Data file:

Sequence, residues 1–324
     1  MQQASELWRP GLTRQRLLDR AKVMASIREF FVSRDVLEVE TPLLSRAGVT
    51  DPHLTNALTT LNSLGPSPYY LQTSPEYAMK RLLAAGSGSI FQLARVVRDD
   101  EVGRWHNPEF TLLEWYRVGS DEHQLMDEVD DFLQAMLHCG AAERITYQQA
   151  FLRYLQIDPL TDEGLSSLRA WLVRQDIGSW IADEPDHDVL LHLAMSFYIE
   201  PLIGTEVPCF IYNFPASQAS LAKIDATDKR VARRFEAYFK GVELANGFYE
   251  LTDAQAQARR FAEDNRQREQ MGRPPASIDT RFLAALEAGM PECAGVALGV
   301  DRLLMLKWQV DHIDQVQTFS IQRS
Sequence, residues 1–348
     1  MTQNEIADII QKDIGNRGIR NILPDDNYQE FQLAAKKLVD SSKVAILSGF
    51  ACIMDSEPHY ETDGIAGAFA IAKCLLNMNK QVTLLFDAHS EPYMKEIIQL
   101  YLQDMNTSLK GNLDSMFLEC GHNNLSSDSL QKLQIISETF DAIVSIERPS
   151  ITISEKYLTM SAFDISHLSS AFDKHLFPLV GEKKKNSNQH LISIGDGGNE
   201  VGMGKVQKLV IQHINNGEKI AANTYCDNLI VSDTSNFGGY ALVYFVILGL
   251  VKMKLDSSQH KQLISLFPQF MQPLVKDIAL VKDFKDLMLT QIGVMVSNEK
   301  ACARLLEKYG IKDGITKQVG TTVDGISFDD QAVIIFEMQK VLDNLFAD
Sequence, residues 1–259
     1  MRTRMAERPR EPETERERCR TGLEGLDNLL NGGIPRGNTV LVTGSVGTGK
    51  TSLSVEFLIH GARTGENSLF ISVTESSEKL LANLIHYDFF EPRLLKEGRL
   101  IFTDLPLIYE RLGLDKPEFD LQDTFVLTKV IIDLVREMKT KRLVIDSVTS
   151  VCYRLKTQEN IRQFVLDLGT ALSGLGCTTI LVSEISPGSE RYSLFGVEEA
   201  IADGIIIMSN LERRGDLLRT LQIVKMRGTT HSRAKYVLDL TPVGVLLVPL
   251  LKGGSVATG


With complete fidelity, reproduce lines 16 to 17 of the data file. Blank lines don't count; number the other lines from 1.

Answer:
   301  ACARLLEKYG IKDGITKQVG TTVDGISFDD QAVIIFEMQK VLDNLFAD
Sequence, residues 1–259